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Options & Preferences.

Assuming that you have either some knowledge already or, you have read and largely understood my Light Reading page, you will by now understand the reasons as to why IR photographs look so different, which section of wavelengths within the EMS (electromagnetic spectrum) are captured and how to manipulate them, and, that there are many ways in which we can capture IR images with regards to equipment and, a number of different ways in which such images can be processed for final output. I am also working on the caveat that you have some photographic and camera ability and, a reasonable familiarity with post-processing concepts using at least one or two different packages. This area, I will touch on, also.

Equipment:

Most commonly nowadays, the option to have a digital camera internally converted for IR photography by removing the internal blocking filter and replacing it with an IR filter of one’s chosen wavelength, is a most popular option for handheld IR shooting. Personally, I prefer (the accepted standard) 720nm wavelength, but to have an IR filter placed internally is only one option that allows handheld IR photography. Another option is to have no IR filter fitted internally at all, and instead, to have clear glass placed in front of the sensor instead, thus rendering the camera either full or split spectrum (depending on the grade of UV blocking glass inserted).

To recap, here are some options, with pros ‘n cons:

  • Placing an IR filter of choice onto the front of a lens mounted to an unconverted camera.

  • Pros: Quick, easy and cheap to do for any wavelength of choice by simply purchasing screw-on lens filters.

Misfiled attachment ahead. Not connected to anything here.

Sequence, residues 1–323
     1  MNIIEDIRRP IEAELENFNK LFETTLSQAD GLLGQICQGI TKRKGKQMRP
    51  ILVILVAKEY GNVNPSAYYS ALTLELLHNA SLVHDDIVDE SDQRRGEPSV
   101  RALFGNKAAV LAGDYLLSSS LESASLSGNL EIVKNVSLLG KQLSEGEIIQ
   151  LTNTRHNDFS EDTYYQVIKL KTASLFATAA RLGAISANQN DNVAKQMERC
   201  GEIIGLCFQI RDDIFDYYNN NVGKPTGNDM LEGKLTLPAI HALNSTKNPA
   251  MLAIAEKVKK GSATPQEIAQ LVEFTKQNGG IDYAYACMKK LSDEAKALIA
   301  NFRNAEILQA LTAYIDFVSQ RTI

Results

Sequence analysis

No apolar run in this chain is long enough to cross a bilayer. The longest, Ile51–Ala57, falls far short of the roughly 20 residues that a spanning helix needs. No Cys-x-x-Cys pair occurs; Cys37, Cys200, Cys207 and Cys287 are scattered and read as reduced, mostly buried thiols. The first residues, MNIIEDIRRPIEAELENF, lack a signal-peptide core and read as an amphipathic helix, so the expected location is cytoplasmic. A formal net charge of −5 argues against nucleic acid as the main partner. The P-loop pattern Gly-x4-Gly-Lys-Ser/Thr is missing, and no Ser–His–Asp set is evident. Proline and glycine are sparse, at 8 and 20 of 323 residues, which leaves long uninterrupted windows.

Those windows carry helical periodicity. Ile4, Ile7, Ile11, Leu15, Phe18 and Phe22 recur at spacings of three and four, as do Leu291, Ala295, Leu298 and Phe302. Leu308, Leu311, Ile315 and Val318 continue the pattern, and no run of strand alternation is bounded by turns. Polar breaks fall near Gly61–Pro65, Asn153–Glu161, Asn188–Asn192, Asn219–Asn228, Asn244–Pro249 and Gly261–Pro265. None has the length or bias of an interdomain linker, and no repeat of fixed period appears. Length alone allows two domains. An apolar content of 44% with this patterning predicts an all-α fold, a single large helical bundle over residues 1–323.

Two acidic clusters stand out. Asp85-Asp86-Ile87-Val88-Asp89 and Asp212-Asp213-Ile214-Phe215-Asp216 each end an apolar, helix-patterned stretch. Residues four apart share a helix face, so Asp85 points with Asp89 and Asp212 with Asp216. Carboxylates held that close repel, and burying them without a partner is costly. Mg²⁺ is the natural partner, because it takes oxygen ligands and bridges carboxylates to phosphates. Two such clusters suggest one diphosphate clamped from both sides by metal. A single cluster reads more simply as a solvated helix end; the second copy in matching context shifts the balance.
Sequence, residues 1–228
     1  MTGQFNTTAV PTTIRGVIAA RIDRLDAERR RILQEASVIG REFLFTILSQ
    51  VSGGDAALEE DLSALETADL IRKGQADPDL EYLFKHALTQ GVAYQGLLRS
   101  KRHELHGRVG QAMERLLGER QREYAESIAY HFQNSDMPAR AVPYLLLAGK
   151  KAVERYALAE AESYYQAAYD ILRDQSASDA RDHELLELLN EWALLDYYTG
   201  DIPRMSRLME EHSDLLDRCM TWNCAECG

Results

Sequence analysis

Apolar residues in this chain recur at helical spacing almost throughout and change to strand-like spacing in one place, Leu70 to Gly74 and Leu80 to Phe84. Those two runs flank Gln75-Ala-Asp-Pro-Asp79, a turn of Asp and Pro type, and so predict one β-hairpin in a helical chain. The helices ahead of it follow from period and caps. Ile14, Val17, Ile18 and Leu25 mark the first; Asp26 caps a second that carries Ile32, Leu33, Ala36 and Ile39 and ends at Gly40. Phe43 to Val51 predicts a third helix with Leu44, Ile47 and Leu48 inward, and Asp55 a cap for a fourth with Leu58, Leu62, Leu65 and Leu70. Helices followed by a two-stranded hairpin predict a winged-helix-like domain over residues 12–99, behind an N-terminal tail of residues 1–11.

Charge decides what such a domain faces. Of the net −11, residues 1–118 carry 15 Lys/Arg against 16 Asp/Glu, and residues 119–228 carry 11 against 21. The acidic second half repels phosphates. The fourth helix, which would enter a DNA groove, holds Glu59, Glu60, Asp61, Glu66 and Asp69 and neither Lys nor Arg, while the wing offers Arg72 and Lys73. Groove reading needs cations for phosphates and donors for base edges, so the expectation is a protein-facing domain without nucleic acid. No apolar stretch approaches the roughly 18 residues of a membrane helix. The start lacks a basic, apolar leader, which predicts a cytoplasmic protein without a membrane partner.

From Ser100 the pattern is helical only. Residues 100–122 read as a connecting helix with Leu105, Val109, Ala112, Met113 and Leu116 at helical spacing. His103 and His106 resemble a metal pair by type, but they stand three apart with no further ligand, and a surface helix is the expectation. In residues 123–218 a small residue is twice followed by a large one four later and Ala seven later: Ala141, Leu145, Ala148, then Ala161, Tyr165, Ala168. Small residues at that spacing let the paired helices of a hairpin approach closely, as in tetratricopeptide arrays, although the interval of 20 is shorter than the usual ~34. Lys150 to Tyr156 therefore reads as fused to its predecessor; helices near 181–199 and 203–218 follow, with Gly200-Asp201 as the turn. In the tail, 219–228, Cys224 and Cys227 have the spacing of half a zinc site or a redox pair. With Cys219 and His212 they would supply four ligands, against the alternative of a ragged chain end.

• Cons: Many cameras have an IR-blocking filter which would still need to be removed to succeed. Some lenses may not be suitable for channelling IR light, apparent by the display of visible to strong, sizeable light or ‘hot’ spots, in the centre of the image frame becoming stronger as the lens is stopped-down. Furthermore, as so much light is blocked by the filter, you’ll need to carry and use a tripod because exposure-times will be lengthy, even on a bright sunny day.

  • Removal of the internal UV & IR-blocking filters from the front of the camera sensor and, replacing it with clear glass of 350nm to 400nm, thus allowing VIS & IR light to pass through to the sensor and, use of an IR filter of choice over the lens’ front element.

  • Pros: Permits LTSS photography without the use of any external filters. Quick, easy and cheap to do for any wavelength of choice, though limited to wavelengths upwards from ~400nm, by simply purchasing screw-on lens filters. (Remember: whenever you insert a filter of any wavelength, you are effectively splitting the spectrum, hence the name, split-spectrum, or, LTSS).

  • Cons: Internal conversions can be expensive. Some lenses may not be suitable for channelling IR light, apparent by the display of visible to strong, sizeable light or ‘hot’ spots, in the centre of the image frame becoming stronger as the lens is stopped-down.